Federal Judge Issues Ruling Setting Aside the Public Charge Rule Immediately


Happy Monday! Welcome back to Visalawyerblog. We kick off the start of a brand-new week with an important court ruling, decided today, that invalidates the Department of Homeland Security’s (DHS) final rule entitled “Inadmissibility on Public Charge Grounds,” also known as “the public charge,” rule. With this new ruling, the public charge rule has been officially set-aside effective immediately.

As you may recall since October of 2019 the state of Illinois has been involved in a contentious legal battle with DHS over the legality of the public charge rule. In October of last year, a federal court granted residents of Illinois a preliminary injunction temporarily stopping the government from enforcing the public charge rule on its residents. The government thereafter appealed the decision and filed a motion to dismiss Illinois’ lawsuit which was promptly denied.

The Seventh Circuit court later affirmed the issuance of the preliminary injunction holding that the public charge rule was substantively and procedurally invalid under the APA, and the issuance of the injunction was appropriate to stop the government from enforcing the rule.

With the support of the Seventh Circuit, the plaintiffs filed a motion to vacate or “set aside” the public charge rule once and for all in the United States District Court for the Northern District of Illinois. See Cook County Illinois et al. v. Chad Wolf et al.

Today, November 2, 2020, federal judge Gary Feinerman ruled in favor of the plaintiffs vacating the public charge rule effective immediately.

What is this lawsuit about?

The plaintiffs in the lawsuit asked the court to strike down the infamous public charge rule on grounds that the rule violates the Administrative Procedure Act (APA). Specifically, the plaintiffs argued that the rule should be stricken because (1) it exceeds the government’s authority under the public charge provision of the INA (2) is not in accordance with the law (3) is arbitrary and capricious and (4) violates the equal protection clause of the fifth amendment.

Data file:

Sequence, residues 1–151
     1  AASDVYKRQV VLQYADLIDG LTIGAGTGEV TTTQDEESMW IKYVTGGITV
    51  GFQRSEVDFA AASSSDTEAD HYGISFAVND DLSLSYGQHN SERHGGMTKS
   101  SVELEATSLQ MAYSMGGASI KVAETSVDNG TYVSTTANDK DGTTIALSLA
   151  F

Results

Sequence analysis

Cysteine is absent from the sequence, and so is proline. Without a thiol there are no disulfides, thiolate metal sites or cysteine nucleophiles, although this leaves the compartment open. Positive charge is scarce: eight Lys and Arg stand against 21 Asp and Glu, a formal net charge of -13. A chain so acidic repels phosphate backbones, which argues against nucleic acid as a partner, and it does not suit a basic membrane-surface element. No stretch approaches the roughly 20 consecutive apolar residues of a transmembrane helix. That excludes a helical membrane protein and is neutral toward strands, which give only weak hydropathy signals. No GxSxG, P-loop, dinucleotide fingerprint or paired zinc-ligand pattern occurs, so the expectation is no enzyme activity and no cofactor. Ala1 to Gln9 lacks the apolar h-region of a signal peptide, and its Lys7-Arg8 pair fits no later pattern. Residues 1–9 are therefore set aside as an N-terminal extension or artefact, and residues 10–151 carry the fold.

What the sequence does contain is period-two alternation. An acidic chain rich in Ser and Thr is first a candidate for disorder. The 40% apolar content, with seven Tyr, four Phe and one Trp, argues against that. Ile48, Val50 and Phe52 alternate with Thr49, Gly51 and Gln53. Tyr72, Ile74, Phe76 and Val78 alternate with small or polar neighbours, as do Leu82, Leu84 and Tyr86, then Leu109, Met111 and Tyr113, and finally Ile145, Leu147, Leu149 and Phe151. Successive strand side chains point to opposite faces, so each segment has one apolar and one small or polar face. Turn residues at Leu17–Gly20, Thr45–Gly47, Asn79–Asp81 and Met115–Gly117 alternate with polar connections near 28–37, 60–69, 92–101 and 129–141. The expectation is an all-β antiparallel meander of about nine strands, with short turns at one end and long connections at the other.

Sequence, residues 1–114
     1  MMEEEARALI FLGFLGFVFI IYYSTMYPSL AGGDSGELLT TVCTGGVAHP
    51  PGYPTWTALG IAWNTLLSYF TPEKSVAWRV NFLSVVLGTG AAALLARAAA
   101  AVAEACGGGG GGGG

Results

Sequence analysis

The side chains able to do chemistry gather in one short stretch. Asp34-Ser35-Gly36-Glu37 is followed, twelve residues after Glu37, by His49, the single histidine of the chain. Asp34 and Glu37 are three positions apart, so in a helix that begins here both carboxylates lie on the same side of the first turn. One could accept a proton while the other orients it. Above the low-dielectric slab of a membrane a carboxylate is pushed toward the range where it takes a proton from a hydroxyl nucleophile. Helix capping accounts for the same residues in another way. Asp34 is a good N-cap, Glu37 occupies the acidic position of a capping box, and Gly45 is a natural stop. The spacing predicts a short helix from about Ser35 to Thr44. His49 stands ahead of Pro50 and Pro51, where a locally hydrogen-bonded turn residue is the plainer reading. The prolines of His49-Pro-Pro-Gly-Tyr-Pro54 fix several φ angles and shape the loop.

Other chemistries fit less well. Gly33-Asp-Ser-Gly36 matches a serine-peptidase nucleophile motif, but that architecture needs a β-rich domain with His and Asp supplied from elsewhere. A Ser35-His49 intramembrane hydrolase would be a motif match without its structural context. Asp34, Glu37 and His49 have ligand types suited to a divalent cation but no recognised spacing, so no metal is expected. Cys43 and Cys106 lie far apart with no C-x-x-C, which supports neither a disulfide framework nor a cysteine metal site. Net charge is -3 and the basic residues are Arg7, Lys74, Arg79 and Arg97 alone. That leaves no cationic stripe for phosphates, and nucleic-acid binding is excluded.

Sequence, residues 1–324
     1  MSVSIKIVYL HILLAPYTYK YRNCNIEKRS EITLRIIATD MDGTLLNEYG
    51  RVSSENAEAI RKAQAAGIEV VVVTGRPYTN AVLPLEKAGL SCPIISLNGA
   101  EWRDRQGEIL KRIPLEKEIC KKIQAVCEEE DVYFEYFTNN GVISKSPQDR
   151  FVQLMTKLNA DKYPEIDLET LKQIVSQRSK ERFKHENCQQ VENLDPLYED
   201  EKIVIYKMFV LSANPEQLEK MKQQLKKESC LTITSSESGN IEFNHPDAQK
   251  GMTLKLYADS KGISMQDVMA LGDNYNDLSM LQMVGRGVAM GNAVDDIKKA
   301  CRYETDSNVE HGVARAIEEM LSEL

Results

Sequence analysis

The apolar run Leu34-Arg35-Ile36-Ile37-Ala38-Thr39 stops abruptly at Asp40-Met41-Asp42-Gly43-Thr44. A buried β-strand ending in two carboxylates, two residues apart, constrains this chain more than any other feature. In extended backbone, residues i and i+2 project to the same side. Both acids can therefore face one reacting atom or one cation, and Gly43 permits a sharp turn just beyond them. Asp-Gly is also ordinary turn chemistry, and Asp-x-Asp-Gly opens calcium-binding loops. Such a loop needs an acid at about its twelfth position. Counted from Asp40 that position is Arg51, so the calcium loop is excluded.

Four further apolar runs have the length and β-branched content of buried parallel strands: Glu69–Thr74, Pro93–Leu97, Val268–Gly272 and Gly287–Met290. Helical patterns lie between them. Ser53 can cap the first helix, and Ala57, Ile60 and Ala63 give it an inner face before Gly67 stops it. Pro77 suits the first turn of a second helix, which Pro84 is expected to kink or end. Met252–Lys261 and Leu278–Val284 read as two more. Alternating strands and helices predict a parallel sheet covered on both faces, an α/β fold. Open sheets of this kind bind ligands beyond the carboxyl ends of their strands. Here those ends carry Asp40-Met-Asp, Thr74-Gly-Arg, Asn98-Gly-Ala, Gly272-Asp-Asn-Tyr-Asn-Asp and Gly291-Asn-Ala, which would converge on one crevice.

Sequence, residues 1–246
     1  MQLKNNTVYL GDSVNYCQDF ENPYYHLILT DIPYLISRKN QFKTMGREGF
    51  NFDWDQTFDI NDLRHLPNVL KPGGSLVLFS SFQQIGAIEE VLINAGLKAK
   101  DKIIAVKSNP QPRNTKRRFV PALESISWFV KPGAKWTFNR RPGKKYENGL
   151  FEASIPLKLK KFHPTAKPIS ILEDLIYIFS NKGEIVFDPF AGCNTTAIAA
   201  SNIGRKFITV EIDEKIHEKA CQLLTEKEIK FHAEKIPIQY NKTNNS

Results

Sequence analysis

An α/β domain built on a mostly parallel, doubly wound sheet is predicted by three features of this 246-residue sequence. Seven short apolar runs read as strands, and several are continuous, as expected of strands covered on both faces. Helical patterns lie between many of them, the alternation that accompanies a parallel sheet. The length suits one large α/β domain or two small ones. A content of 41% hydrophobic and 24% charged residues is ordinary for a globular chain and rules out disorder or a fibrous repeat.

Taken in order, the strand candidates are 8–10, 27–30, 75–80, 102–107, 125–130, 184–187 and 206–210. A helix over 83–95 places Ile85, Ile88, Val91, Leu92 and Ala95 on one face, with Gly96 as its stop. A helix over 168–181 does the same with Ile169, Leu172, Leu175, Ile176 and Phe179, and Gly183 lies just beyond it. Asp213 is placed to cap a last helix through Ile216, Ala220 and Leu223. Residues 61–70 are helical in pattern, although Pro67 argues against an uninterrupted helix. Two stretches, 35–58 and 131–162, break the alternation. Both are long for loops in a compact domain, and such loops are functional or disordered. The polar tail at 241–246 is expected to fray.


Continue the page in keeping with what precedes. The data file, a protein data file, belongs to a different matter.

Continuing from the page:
Judge Feinerman ultimately agreed with the plaintiffs, reasoning that the Seventh Circuit court had already issued a ruling finding the public charge rule substantively and procedurally defective under the APA.

Regarding the government’s violation of the procedural rules, the judge stated that the Seventh Circuit court properly held that the public charge rule was likely to fail the arbitrary and capricious standard under the law due to numerous flaws. For instance, DHS failed to adequately consider the reliance interests of state and local governments in passing the public charge rule and failed to address critical issues such as the relevance of the five-year waiting period for immigrant eligibility for most federal benefits.

While the government pushed back against the plaintiff’s motion to vacate the public charge rule, the judge stated that vacating the rule was appropriate because the Seventh Circuit court had already declared in its prior ruling that the government likely did not meet the APA requirements.

To that end the judge declared, “the Seventh Circuit has held that continued operation of the Final Rule [the public charge rule] will inflict ongoing harms on Cook County and on immigrants, and this court has held that the same is true of ICIRR [the other named plaintiff].”

What does this mean for applicants for adjustment of status?

Effective immediately the government cannot enforce any provision of the final rule entitled,“Inadmissibility on Public Charge Grounds,” which was published in the Federal Register on August 14, 2019, because it violates the Administrative Procedure Act.

We expect the United States Citizenship and Immigration Services (USCIS) to issue further guidance in the coming days outlining how they will comply with this new judicial decision. We will provide information about this guidance as soon as it becomes available.

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